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March 30, 2017

Background on the Countering Iran’s Destabilizing Activities Act of 2017 (S. 722)

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S. 722 would limit the President’s ability to adhere to U.S. commitments under the JCPOA.  Specifically, § 8 of the bill would require the President to provide certification that a person designated pursuant to EO 13382 and 13224 has not engaged in activities for which they were designated for the three-month period preceding any potential de-listing. However, the U.S. is scheduled to de-list a number of Iranian persons and entities designated pursuant to EO 13382 on Transition Day. § 8 of the bill could thus impede the President’s ability to adhere to U.S. commitments and remove those parties from U.S. sanctions lists on the pre-determined schedule. This would be a clear violation of the JCPOA.

The bill would also mandate the re-imposition of sanctions on Iranian entities that were de-listed pursuant to the JCPOA – measures that could constitute a clear violation of the nuclear deal. § 4 of the bill mandates the President to impose sanctions on any person engaging in activities that materially contribute or that pose a risk of materially contributing to Iran’s ballistic missile program. While § 4 of the bill replicates the sanctions authorities currently provided to the President via Executive Order 13382, the bill would mandate the President to utilize these authorities to impose sanctions on persons engaged in Iran’s ballistic missile program, as well as on persons and entities that provide material support for such designated parties. For example, this bill would require the President to impose sanctions on an Iranian bank if that Iranian bank provides financial services to an Iranian government entity designated for engaging in activities that materially contribute to Iran’s ballistic missile program. It does not matter whether the financial services provided to the entity are in regards to activities unrelated to Iran’s ballistic missile program (e.g., the payment of government employee salaries). Such a designation would re-impose sanctions on Iranian banks that were delisted pursuant to the JCPOA.  Considering that the JCPOA prohibits the re-imposition of sanctions lifted under the nuclear accord, the re-imposition of sanctions on Iranian banks – as an example – would likely constitute a JCPOA violation.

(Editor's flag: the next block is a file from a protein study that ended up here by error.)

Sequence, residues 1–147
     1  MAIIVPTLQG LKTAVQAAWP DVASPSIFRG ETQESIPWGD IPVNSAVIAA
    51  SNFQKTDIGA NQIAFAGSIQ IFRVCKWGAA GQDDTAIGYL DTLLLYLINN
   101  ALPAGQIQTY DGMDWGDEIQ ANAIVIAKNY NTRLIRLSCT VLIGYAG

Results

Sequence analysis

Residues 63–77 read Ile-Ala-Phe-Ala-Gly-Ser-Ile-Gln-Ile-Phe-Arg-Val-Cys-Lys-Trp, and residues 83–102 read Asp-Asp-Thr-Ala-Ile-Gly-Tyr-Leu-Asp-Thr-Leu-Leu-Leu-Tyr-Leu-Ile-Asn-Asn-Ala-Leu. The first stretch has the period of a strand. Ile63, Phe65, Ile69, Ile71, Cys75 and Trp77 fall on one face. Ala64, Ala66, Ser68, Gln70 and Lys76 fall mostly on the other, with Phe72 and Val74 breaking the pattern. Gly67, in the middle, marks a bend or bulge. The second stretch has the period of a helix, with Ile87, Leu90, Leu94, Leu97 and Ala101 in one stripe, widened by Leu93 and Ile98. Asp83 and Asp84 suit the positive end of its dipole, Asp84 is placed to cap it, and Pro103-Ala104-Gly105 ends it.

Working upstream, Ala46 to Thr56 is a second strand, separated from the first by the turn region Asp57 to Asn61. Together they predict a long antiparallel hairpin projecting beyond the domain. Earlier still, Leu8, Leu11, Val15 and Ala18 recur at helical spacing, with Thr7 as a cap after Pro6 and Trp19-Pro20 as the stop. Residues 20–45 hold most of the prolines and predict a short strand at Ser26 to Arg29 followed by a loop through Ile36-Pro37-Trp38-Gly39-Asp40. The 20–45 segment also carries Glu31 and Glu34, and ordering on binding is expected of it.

S. 722 would designate the IRGC a terrorist group – a designation anathema to the U.S. defense and intelligence establishment. Specifically, the bill would sanction the IRGC pursuant to Executive Order 13224, which is the foundational order to the U.S.’s Specially Designated Global Terrorist Sanctions Program (“SDGT Program”).  While this designation would have no appreciable sanctions impact – as it is duplicative of existing sanctions authorities – it could have serious consequences for U.S. personnel on the ground in Iraq, subjecting them to retaliation from Iran-backed militia groups. Last month, when the Trump administration outlined its plans to designate the IRGC a terrorist group, the Pentagon and intelligence officials pushed back and forced the administration to rethink its approach. The Pentagon’s pushback against U.S. plans to designate the IRGC a terrorist group recall the Joint Chiefs of Staff’s opposition to such designation back during the Bush administration. For Congress to designate the IRGC a terrorist group over the vocal opposition of the U.S. defense and intelligence establishment would be not just irresponsible, but would risk the lives of Americans.

Additionally, the legislation would also provide the President with new sanctions authorities, including one related to persons engaged in human rights abuses in Iran and one related to persons engaged in activities that materially contribute to Iran’s supply of conventional weapons. Without knowing how the President will exercise these new sanctions authorities, it is unclear what implications such provisions may have for U.S. adherence to its JCPOA commitments. Until Congress has more clarity as to the Trump administration’s policy outlook towards Iran, however, it should hold its fire before encouraging the President to utilize his sanctions authorities and target Iran.

In addition to these concerns, the bill is highly unlikely to accomplish its main objectives – i.e., to push back against and deter Iranian activities deemed anathema to U.S. interests. No sanctions proponent has plausibly identified, for instance, how these sanctions would change Iran’s calculus regarding the testing of ballistic missiles or its activities in Iraq and Syria. Those aspects of Iranian behavior that the legislation seeks to target would, if anything, worsen as a result of this bill.
 
Finally, S. 722 would undercut Iranian moderates at the worst possible time and could help elect a hardline President in May. Iran is set to begin its presidential campaign and hold its presidential elections on May 19. Passage of this bill would be a political liability for Iran’s moderate candidate – President Hassan Rouhani – while strengthening the hand of Iranian hardliners who view their struggle with the United States as a zero-sum game. In giving credence to Iranian hardline views – that the U.S. is an implacable foe who seeks to leverage Iranian compromise into Iranian submission – Congress could dramatically upset the predicted course of Iran’s upcoming elections and hand victory to Iranian hardliners.

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